Gasoline price: Signs still point to a rise and to tight supplies

Times Staff Writer

The average retail price of a gallon of regular gasoline in the U.S. continued to rise overnight while the price in California dropped by such a small amount that virtually no one will notice. Three more states joined the $4 a gallon club, bringing the total to six, and U.S. fuel experts continued at a record high pace.

Across the U.S., the average price of a gallon of regular gasoline rose another 4.1 cents since last week and 0.4 cents overnight to $3.842 a gallon. That’s according to the AAA Fuel Gauge Report. The price looked painfully high a year ago on this date, but it was $3.548 a gallon then.

Some analysts didn’t think prices had peaked. Patrick DeHaan, senior petroleum analyst for, said: “I still maintain that prices will likely not peak until we get closer to the month of May as a majority of localities are still switching to summer gasoline.”

Summer or warm weather blends of gasoline require more expensive components than cheaper winter or cold weather blends. As Tom Kloza, chief oil analysts for Oil Price Information Services, said: “In the summertime, gasoline can’t have the same volatility and evaporative qualities” of winter blend fuel, unless, he added, “one wants to see ozone inversion layers like those that exist in Chinese urban areas.”


In California, the average for a gallon of regular gasoline has fallen by a paltry 0.9 cents since last week and by just 0.1 cents overnight to $4.350. A year ago, the state’s average was $3.969 a gallon. One reason for the slow decline: another refinery down for “non-routine maintenance,” according to fuel price specialist Bob van der Valk. This time it’s a Southern California facility run by Tesoro Petroleum Corp., he said.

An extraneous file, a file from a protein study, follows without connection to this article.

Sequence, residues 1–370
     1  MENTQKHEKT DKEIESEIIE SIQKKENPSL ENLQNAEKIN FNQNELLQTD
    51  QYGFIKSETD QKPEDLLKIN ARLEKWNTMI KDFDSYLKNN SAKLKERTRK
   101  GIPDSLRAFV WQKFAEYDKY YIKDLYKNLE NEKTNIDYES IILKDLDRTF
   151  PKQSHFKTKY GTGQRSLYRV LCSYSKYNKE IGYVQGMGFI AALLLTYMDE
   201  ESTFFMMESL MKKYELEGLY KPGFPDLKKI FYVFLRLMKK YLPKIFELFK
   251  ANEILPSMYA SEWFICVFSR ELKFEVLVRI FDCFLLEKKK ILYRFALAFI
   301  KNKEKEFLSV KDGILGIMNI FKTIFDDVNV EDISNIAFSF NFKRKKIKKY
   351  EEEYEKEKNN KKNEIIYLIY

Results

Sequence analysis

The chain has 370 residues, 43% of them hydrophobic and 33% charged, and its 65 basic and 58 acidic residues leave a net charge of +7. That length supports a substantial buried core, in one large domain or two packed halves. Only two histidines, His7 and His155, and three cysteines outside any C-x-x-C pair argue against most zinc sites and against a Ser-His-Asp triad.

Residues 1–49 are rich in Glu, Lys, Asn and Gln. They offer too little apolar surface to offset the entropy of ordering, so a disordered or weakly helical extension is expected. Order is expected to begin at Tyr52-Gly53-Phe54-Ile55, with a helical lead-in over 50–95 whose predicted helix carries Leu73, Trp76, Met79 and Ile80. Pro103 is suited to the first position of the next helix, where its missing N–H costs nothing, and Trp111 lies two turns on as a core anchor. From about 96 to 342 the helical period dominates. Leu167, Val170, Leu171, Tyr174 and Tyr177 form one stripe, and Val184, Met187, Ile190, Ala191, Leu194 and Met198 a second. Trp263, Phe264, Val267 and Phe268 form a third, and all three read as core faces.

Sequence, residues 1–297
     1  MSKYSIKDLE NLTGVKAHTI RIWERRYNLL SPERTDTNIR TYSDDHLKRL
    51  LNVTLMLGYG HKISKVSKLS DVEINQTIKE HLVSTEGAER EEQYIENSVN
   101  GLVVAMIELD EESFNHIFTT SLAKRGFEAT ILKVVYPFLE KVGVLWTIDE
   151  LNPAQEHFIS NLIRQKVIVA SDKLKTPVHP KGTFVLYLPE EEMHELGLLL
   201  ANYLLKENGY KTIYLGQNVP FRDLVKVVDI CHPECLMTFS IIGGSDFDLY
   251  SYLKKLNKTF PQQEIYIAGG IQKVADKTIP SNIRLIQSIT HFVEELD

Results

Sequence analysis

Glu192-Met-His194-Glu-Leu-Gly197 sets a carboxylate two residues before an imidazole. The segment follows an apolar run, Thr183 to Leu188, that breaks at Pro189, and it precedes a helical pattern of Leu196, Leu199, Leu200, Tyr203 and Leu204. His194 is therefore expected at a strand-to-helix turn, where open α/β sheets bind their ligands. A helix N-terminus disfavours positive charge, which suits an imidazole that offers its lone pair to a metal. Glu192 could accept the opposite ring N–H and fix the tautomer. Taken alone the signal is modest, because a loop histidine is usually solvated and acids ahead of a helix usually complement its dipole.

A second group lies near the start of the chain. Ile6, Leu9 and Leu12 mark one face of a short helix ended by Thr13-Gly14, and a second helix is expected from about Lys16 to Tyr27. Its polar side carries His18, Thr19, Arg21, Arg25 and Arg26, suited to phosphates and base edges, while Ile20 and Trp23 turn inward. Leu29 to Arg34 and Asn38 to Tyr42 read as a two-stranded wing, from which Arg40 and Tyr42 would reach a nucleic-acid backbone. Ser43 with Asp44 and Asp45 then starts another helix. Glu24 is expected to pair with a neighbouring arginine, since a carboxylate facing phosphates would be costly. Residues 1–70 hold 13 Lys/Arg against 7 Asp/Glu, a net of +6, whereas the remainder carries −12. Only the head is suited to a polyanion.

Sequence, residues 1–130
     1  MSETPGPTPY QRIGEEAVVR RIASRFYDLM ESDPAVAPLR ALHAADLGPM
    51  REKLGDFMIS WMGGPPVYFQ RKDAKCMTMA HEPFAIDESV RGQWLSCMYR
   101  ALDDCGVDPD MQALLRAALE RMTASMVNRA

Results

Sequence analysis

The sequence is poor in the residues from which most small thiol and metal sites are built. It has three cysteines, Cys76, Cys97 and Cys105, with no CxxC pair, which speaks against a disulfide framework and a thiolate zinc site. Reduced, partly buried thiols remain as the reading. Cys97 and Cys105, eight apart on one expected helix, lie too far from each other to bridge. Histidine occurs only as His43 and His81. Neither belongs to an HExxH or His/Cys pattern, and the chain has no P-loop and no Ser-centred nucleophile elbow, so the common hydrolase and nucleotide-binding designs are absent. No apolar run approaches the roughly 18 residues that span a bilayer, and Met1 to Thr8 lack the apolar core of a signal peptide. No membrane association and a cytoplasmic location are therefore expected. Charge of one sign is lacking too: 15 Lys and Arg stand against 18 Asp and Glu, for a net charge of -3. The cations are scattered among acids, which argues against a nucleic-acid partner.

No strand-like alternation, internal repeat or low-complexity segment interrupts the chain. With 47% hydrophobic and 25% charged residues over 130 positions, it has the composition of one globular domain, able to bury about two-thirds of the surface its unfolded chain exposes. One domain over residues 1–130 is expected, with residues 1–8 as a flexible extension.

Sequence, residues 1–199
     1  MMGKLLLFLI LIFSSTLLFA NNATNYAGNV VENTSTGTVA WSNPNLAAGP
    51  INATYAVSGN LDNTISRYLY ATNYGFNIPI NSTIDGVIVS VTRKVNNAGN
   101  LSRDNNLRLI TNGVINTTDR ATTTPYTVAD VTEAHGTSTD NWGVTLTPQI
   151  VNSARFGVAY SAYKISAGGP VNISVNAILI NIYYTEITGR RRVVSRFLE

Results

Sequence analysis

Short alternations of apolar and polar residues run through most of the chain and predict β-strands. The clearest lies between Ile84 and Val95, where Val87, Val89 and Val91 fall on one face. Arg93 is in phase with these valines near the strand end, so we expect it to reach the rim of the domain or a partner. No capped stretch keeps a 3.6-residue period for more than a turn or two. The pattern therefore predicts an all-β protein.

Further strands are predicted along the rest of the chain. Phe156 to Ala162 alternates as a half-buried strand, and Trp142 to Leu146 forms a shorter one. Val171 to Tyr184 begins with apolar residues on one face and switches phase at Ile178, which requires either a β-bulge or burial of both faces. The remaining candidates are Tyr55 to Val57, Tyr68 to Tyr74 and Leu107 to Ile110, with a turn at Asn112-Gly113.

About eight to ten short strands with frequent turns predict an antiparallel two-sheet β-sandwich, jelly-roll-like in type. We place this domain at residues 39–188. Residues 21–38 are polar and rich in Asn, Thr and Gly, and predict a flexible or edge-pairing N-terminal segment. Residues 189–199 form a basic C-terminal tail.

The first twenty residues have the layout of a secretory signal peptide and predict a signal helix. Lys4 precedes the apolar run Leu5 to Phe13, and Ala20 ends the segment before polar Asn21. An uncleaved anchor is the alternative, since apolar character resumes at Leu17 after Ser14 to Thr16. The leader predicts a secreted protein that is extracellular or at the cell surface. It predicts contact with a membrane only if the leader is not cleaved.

The collection of states above an average of $4 a gallon today now includes Hawaii, California, Alaska, Illinois, New York and Connecticut, the AAA said. The latter three joined since last week.

U.S. refineries continue to divert more of every barrel of oil they process into fuel distillates, such as diesel, according to Energy Department statistics.  Just this last week, the amount exported was at a record 3,156,000 barrels a day.

That figure represents a more than threefold increase over the amount of fuel exported 10 years ago. It’s also more than double the amount exported five years ago, and it’s a rise of 35.63% since last year.



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